Critical Constitutional Case Law

Criminal Case Proceedings Have a Constitutional Presumption of Openness


Richmond Newspapers, Inc. v. Virginia, 448 U.S. 555 (1980) (plurality opinion) The U.S. Supreme Court recognized that the public and press have a presumptive First Amendment right of access to judicial proceedings in criminal cases, finding that “a presumption of openness inheres in the very nature of a criminal trial under our system of justice.” 

Globe Newspaper Co. v. Superior Court, 457 U.S. 596 (1982) The U.S. Supreme Court in this case decided whether a statute which required mandatory exclusion of the press and public from the courtroom when minors testify about sexual assaults violates the First Amendment as applied to the States through the Fourteenth Amendment.  They concluded that although there is a compelling interest for doing so in many cases, the statute is unconstitutional due to its mandatory nature.  However, the case left trial judges the discretion to close courtrooms on a case by case basis.  

Press-Enterprise Co. v. Superior Court, 464 U.S. 501 (1984) (Press-Enterprise I) The U.S. Supreme Court in this case was asked to decide if the closure of a portion of voir dire for the purposes of juror privacy and increased candor violates the First Amendment as applied to the States through the Fourteenth Amendment.  In this case, all but three days of a six-week voir dire process was open to the press and public.  The Court found a constitutional violation and reversed the case because there were no individualized findings to support the trial court's conclusion that an open proceeding would threaten the defendant's right to a fair trial and the prospective jurors' interests in privacy. 

Waller v. Georgia, 467 U.S. 39 (1984) The defendants in this case were wiretapped by the state police.  The state moved to close the suppression hearing regarding the admissibility of the tapes obtained by the wiretaps and the motion was granted over the objection of the defendant.  The U.S. Supreme Court held that Under the Sixth Amendment, any closure of a suppression hearing over the objections of the accused must meet the following tests: the party seeking to close the hearing must advance an overriding interest that is likely to be prejudiced; the closure must be no broader than necessary to protect that interest; the trial court must consider reasonable alternatives to closing the hearing; and it must make findings adequate to support the closure.  The case was reversed and remanded.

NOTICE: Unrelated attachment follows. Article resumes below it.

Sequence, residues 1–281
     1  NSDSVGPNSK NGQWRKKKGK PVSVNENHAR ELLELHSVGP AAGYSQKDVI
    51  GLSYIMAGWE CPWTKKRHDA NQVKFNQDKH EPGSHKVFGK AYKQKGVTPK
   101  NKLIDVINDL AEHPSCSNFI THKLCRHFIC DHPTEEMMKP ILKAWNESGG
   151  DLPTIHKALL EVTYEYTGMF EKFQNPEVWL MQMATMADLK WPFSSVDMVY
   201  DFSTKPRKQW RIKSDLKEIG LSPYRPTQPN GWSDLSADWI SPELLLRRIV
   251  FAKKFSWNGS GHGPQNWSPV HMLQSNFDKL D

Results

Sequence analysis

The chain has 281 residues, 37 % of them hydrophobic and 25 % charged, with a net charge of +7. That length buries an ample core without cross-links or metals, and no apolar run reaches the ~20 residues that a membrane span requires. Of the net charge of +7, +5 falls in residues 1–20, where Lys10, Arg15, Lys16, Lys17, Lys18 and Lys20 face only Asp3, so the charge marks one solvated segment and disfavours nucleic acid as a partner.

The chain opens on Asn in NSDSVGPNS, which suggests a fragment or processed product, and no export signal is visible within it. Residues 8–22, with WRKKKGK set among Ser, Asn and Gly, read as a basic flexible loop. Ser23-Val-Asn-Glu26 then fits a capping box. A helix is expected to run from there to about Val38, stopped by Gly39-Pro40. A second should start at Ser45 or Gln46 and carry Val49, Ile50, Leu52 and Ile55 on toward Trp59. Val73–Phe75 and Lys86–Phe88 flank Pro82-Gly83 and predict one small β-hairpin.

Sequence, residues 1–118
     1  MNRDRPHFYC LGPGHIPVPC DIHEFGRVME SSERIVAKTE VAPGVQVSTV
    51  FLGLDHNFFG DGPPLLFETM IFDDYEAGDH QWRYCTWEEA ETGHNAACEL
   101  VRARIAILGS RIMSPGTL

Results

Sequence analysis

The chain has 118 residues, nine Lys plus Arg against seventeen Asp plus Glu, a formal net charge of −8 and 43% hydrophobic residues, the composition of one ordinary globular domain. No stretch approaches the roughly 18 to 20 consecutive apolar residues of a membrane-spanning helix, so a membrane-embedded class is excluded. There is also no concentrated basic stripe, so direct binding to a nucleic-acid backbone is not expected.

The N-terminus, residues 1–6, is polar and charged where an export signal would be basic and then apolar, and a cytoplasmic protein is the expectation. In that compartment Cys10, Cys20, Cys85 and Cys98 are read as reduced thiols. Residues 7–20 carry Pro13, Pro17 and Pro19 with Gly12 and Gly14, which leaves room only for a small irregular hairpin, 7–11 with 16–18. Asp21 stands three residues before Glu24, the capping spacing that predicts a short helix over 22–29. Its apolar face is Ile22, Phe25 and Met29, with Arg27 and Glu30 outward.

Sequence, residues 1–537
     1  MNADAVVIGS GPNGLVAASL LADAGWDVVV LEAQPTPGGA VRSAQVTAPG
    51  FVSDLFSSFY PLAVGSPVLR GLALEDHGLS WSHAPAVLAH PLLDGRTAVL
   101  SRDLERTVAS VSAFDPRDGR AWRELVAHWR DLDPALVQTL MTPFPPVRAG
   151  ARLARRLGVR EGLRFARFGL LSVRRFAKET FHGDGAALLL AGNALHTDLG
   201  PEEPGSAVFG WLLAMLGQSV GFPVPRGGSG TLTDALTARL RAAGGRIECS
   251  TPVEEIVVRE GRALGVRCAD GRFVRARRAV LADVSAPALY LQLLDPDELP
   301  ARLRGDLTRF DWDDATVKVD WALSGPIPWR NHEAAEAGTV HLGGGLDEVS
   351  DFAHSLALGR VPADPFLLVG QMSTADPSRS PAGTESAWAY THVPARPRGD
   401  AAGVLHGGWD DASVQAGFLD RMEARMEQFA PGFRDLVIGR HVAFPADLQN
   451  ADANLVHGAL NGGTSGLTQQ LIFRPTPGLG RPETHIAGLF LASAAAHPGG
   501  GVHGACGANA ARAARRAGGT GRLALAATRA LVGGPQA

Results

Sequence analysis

Press-Enterprise Co. v. Superior Court, 478 U.S. 1 (1986) (Press-Enterprise II) The U.S. Supreme Court determined that a qualified First Amendment right of access attaches to state court preliminary hearings.  The proceedings cannot be closed to the press and/or public unless specific, on-the-record findings are made demonstrating that "closure is essential to preserve higher values and is narrowly tailored to serve that interest."

Presley v. Georgia, 558 U.S. 209 (2010) In this case, the defendant asserted his right under the Sixth and Fourteenth Amendment to have voir dire open to public.  The U.S. Supreme Court had previously determined that the press and public had a First Amendment Right to be present for voir dire.  The Court determined that a criminal defendant has a qualified right to public voir dire which can only be circumvented with findings by the trial court that there was no other reasonable way to protect the safety of the jurors or integrity of the process.

 

Civil Case Proceedings Have a Constitutional Presumption of Openness


Newman v. Graddick, 696 F.2d 796 (1981, 11th Circuit) In this case, the press petitioned to get access to judicial records and gain access to hearings in a civil action regarding prison overcrowding.  The crux of the problem was the media sought access to a list of inmates that may be released to alleviate the overcrowding.  The court offered to allow the press to view the list, provided the press would promise not to publish it.  The press declined the offer.  The 11th Circuit determined that although this case was civil, it was sufficiently like a criminal trial in that it pertained to inmates so that the press had a First Amendment right to access the proceedings and the records.  The court declined to extend this right to all civil cases.